Posted 18 June 2008 - 12:53 AM
I don't totally get why this is such a huge debate, other than the fact that it is poorly explained, in general, and poorly understood.
Drop the "i" vs. "p" as it doesn't matter with most modern displays. An interlaced picture is de-interlaced on most modern televisions, before it gets displayed. The difference is that in 1080i, you get a 540 line image 60 times per second (which get combined to become a 1080 line image that displays every 1/30th of a second, on modern displays). At 1080p, you get a 1080 line image the displays every 1/60th of a second. Effectively, you're looking at a 1080 line image on 1080i displays, but at a lower frame rate (30 fps) than 1080p (60 fps). That's the only difference.
So do you want 30 frames per second, or 60 frames per second? If bandwidth is no consideration, everyone would say 60. But if every 2nd frame is a repeat of the previous one, do you really care? Films are 24fps. That can't be upconverted unless you speed the film up. So the vast majoriy of Hollywood films don't look any better in 1080p than they do in 1080i.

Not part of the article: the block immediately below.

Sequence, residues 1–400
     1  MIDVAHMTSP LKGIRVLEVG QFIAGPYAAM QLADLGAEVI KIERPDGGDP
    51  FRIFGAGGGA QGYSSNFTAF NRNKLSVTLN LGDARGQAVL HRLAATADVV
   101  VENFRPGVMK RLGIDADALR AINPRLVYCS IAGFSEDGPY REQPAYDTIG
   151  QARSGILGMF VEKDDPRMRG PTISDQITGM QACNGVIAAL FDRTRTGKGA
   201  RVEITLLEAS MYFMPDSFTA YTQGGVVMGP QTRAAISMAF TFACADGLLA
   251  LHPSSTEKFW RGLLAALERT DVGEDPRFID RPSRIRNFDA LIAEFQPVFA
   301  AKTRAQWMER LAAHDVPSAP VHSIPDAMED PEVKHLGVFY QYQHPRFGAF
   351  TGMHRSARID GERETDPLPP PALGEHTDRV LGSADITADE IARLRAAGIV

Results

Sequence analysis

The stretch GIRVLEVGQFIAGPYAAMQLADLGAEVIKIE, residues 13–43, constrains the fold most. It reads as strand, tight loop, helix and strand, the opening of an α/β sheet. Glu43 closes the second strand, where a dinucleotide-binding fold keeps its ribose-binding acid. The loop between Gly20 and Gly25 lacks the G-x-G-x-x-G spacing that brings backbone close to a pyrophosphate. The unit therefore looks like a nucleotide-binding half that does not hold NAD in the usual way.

Movies are 24fps, so the 1080i format has that covered when upconverted to 1080p. In fact, I think Blu-Ray being 1080p(60) is a marketing thing. How can a 1080 line, 24 fps image, look better when reproduced on a 1080 line 60 fps display, vs. a 1080 line 30 fps display?
Now, do you want more HD channels, or more frames per second on the ones you have?
What about this? (and the debate of 720p vs 1080i repeats)... do you want 1080 lines at 60 fps, or 2160 lines at 30 fps?
I think TVs will get bigger yet again, and the next era will bring higher resolutions, not higher frame rates, for most material.
My main thought here -- don't think of this in terms of your circa 1990 CRT computer monitor. Interlacing looks bad on CRT monitors, not LCD or Plasma panels, or even projection LCD/DLP/LCOS. These displays don't "fade" out and cause flicker. The debate is not "flicker" vs. "not flicker." It's frame rate.
1080i vs 1080p is a 30 fps vs. 60 fps debate. So which is more bang for the buck -- more pixels per frame, or more frames per second?
I think the requirements of 1080p, bandwidth-wise, would give birth to a new, lower frame rate, higher resolution format, and the debate will continue.